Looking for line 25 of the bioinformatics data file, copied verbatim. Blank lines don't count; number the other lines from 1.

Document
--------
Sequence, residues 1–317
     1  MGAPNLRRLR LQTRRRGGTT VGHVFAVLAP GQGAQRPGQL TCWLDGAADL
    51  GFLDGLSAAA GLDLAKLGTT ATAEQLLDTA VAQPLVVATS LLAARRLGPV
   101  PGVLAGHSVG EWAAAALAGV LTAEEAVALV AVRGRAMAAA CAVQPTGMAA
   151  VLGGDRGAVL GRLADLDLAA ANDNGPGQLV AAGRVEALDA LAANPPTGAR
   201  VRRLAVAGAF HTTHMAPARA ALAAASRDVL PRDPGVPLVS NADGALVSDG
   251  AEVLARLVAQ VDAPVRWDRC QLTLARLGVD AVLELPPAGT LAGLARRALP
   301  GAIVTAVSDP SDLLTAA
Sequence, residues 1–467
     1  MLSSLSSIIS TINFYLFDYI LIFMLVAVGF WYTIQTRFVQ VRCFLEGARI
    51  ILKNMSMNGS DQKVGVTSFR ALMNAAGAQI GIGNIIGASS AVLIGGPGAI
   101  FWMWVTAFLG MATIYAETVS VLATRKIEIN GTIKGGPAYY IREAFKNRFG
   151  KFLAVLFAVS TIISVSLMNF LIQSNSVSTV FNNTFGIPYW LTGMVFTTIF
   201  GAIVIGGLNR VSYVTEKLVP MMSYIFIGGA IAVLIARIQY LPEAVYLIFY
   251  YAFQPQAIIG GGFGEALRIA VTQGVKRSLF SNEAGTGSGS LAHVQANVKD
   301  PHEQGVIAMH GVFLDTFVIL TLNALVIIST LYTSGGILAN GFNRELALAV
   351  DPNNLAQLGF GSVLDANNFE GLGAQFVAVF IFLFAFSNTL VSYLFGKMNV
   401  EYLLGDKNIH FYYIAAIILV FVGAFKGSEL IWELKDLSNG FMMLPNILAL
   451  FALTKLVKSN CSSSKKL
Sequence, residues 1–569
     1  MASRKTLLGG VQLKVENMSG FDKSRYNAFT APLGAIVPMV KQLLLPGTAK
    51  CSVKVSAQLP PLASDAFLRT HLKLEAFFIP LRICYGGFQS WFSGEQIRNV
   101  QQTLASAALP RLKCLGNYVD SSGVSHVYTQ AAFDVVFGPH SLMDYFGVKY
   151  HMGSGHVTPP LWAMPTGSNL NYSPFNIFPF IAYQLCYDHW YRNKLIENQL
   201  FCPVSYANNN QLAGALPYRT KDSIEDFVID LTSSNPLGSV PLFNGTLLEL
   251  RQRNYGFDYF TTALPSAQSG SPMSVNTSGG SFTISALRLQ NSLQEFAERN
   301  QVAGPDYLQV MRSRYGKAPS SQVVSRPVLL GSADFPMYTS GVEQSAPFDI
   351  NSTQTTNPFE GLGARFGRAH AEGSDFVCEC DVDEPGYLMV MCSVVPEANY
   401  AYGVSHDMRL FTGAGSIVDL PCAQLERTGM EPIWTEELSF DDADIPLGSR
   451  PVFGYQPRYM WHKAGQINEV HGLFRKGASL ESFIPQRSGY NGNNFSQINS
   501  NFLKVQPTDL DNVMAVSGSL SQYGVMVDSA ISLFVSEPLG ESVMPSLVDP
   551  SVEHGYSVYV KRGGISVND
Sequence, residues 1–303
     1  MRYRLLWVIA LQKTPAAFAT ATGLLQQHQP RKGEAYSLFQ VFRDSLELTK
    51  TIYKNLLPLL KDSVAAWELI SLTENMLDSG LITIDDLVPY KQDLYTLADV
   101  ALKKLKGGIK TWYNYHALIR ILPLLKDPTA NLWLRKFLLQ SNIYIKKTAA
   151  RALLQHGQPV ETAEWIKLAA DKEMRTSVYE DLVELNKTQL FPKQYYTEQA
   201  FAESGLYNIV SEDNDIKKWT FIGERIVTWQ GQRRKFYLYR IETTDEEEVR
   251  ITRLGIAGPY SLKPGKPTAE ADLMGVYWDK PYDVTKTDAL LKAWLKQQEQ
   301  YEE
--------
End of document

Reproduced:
   201  FCPVSYANNN QLAGALPYRT KDSIEDFVID LTSSNPLGSV PLFNGTLLEL